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Astron. Astrophys. 362, 105-112 (2000)

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1. Introduction

An understanding of the physical processes leading to the generation of the enormous luminosities observed from active galactic nuclei (AGN) and the explanation of the physical and morphological differences of the nuclear regions around the black hole giving rise to the various manifestations of the AGN phenomenon is one of the great challenges of modern astrophysics.

BL Lac objects represent a relatively small but highly exciting subgroup of the AGN population characterized by large luminosities, rapid variability, and high and variable polarization of the emitted radiation. As their spectra are smooth and nearly featureless at all wavelengths it is rather challenging to determine any physical parameters of these systems.

BL Lacs are thought to be dominated by relativistic jets seen at small angles to the line of sight (Urry & Padovani 1995, Königl 1989), and their radio-through-X-ray spectra are well fitted by inhomogeneous jet models (Bregman et al. 1987). However, the high energy emission of X-ray bright (or blue) BL Lacs (e.g. Maraschi 1998) may well be dominated by a single emission region, as suggested by the success of spectral models based on synchrotron and inverse Compton emission from a homogenous region (Tavecchio et al. 1998). On the basis of this model Chiappetti et al. (1999) determined recently the physical parameters of the emission region in PKS 2155-304 using simultaneous X-ray and gamma-ray observations obtained with BeppoSAX and EGRET. At the same time the source was detected for the first time at TeV energies and the measured flux turned out to be in agreement with that predicted by the model. Kataoka et al. (1999) arrived at similar values of the physical parameters from an ASCA observation of PKS 2155-304 , using a time-dependent one-zone homogeneous Synchrotron-Self-Compton model.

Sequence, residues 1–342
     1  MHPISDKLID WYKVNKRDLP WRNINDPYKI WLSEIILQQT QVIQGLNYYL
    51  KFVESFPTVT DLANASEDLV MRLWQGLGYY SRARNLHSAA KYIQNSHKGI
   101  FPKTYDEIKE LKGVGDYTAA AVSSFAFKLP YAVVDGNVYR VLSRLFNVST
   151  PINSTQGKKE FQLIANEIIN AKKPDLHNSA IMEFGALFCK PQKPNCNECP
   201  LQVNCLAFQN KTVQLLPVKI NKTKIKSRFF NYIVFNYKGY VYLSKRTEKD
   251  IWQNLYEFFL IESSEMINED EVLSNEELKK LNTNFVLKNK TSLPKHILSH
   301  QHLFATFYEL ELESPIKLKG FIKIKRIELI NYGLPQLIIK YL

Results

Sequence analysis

Combining spectral and temporal information greatly constrains the jet physics, since different models predict different variability time scales. The measured lags between the light curves at different energies as well as spectral changes during intensity variations allow to probe the micro-physics of particle acceleration and radiation in the jet. Elucidating the structure of blazar jets, possible through multi-wavelength monitoring, is an essential precursor to understanding their formation and thus the extraction of energy from the central engine. The critical elements for effective multi-wavelength monitoring are a sufficiently rapid sampling to resolve variability, temporal coverage long enough to view several flares, and a wide wavelength coverage of the optically thin synchrotron component and, if possible, the Compton-scattered component.

The BL Lac object PKS 2155-304 is one of the best candidates for blazar monitoring because it is both rapidly variable and one of the brightest extragalactic objects in the ultraviolet and X-ray sky, i.e., bright enough that its variability can be resolved at UV and X-ray wavelengths. Like most BL Lac objects, PKS 2155-304 has no strong emission features; the reported redshift of [FORMULA] (Falomo et al. 1993) was obtained from spectroscopy of the nebulosity surrounding the BL Lac object. PKS 2155-304 has previously been observed to be highly variable at both ultraviolet (Maraschi et al. 1986, Urry et al. 1988, Edelson et al. 1991) and X-ray wavelengths (Snyder et al. 1980, Treves et al. 1989, Sembay et al. 1993, Kataoka et al. 1999).